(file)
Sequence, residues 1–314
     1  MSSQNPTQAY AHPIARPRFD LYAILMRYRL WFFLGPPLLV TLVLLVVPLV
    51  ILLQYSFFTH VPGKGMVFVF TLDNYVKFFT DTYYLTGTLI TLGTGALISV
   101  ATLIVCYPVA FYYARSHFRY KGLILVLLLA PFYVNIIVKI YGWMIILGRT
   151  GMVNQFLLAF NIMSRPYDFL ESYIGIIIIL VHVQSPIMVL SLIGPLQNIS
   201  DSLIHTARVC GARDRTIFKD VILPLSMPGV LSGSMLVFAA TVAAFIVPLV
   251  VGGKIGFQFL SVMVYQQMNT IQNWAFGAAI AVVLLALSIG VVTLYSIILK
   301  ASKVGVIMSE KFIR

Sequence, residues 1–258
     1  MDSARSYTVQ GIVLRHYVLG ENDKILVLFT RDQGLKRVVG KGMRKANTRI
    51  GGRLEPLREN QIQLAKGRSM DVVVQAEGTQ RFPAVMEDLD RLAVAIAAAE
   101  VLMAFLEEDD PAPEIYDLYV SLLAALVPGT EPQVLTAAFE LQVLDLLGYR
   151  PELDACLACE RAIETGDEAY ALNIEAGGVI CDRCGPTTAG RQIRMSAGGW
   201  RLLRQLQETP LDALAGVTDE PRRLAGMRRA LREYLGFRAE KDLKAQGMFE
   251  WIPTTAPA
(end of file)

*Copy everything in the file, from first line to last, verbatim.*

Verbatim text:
Sequence, residues 1–314
     1  MSSQNPTQAY AHPIARPRFD LYAILMRYRL WFFLGPPLLV TLVLLVVPLV
    51  ILLQYSFFTH VPGKGMVFVF TLDNYVKFFT DTYYLTGTLI TLGTGALISV
   101  ATLIVCYPVA FYYARSHFRY KGLILVLLLA PFYVNIIVKI YGWMIILGRT
   151  GMVNQFLLAF NIMSRPYDFL ESYIGIIIIL VHVQSPIMVL SLIGPLQNIS
   201  DSLIHTARVC GARDRTIFKD VILPLSMPGV LSGSMLVFAA TVAAFIVPLV
   251  VGGKIGFQFL SVMVYQQMNT IQNWAFGAAI AVVLLALSIG VVTLYSIILK
   301  ASKVGVIMSE KFIR

Sequence, residues 1–258
     1  MDSARSYTVQ GIVLRHYVLG ENDKILVLFT RDQGLKRVVG KGMRKANTRI
    51  GGRLEPLREN QIQLAKGRSM DVVVQAEGTQ RFPAVMEDLD RLAVAIAAAE
   101  VLMAFLEEDD PAPEIYDLYV SLLAALVPGT EPQVLTAAFE LQVLDLLGYR
   151  PELDACLACE RAIETGDEAY ALNIEAGGVI CDRCGPTTAG RQIRMSAGGW
   201  RLLRQLQETP LDALAGVTDE PRRLAGMRRA LREYLGFRAE KDLKAQGMFE
   251  WIPTTAPA